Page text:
Often our idea of leadership is distorted as one of being in charge. We say jump and others ask, “How high?” The greatest leader of all time, Jesus, did not lead this way. Rather, he led from a place of love. Whether with his innermost circle of three, Peter, James and John, or the greater circle of the twelve Apostles, or the even greater circle of the 70 disciples he personally commissioned and sent, his manner was love.

That the same strategy was used in a wide variety of circumstances shows that it is scalable. This is the example we must follow in all circumstances of our lives.

How does a leader share the love? First, you are a leader whether you have a position or not: someone is watching. Whether in your neighborhood, in your church or at your job, someone is following your example. The question is not whether you lead but how you lead: what are you leading people to do? 

This is for you. You may be the leader of a billion dollar enterprise or still trying to make your first dollar in business. Jesus used these principles to lead the entire world and it will work for you.

How do you share the love? Good leadership speaks the language of love. Here are three powerful ways to speak and demonstrate the leadership language of love.

Firstly, Articulate a Clear Path and Compelling Direction:  

An effective leader lets the team or organization know where they are headed and what a path to that destination looks like. Clarity is a loving way to invite others in your company or initiative to join you at a destination of success. 

For example, 7M-Pact’s clear vision is for men and women in the marketplace, at every level, to understand how God has such great pleasure over them in their work. He has called them into it to make a difference in the world – in a word: transformation.

Begin thinking about your vision for leadership and how you can articulate a clear path to where you want to take your company, team or neighborhood. Can you articulate a clear path to your destination for your project or group? Speaking with compelling conviction will attract people into what you are doing.  

Love is sharing the story of where you are going and making a clear invitation into participation. Love is aligning together and sharing the journey. Jesus invited first into His life and then into His mission. This act of love recognized they had been gifted and raised up to these jobs. 

Secondly, Leave Room for Others to Step Into the Path 

Chart a path toward vision that leaves room for others to step in. It is loving to leave room for others to engage in that path according to their own vision and gifts. Do this and they will love daily, the work they do. They will grow and flourish by their own investment as they discover their part in the overall plan.

Thirdly, Deliver Contextual Feedback to the People on the Team.

The best learning occurs on the job in the context of the actual project or process. This learning is dynamic and alive. It is not theory or book bound, but fleshed out in the context of real work situations.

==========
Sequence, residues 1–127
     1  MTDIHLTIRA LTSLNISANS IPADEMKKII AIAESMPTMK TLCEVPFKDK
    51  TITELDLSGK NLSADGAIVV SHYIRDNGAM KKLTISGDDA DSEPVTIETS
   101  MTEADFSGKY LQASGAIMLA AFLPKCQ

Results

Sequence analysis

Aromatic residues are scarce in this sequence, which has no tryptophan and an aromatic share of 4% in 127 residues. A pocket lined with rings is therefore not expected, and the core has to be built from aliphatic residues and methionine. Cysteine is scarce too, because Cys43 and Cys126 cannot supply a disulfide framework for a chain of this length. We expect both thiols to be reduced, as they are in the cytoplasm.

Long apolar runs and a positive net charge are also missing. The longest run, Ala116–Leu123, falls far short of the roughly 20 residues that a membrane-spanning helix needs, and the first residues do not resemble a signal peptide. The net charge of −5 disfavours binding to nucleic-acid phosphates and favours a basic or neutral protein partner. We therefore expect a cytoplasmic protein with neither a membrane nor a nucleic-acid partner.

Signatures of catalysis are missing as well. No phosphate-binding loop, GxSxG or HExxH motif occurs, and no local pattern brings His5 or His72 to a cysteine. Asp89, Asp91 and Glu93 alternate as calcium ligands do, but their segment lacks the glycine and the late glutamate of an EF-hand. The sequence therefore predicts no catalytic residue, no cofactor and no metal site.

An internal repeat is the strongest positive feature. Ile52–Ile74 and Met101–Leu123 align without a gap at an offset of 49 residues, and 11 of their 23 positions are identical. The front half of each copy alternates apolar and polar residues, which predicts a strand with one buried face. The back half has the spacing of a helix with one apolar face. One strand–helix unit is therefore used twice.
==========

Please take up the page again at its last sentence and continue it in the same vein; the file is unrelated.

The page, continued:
In the hiring and training of corporate trainers, this principle was implemented in the audition process. Mock training sessions with challenging scenarios and preplanned hurdles provided near real world circumstances requiring trainers to respond as they made their presentations.

At the mock session’s end, the trainers were given objective feedback on pre-prepared criteria. Positive affirmation was given for segments where they performed well and objective feedback along with suggestions for improvement were given in areas of weaker performance. This type of feedback speaks truth in love rather than judgmental criticism. By the delivering of contextual feedback by a leader expresses those on their team that “I love you enough to affirm you and the great things you are doing. I love you enough to point out gaps where you can improve and help you go there.” 

Jesus has provided just this kind of leadership for us. He always gives us a refreshed vision of where He is taking us in life: articulating a compelling vision. Secondly, He helps us chart a path on how we can engage that vision and bring others with us. Thirdly, He always gives us correction in a loving manner along the way so that we continue to percolate toward the overarching vision.

So many wrong definitions of leadership have crept into our vocabularies. We have seen leadership done terribly. We have seen leadership done selfishly. We have also seen leadership done right. 

Think of a leader that has done this right for you; someone whom you admire. Recall the leadership they have shown toward you and the impact they have had on you. Pray a blessing over them and if possible, contact them with a note or by phone and express your gratitude for what they have done for you.

More on this…  Mark you calendar for the 7M-pact Leadership Retreat June 10-14, 2016. email lindafields@7M-pact.org for more details.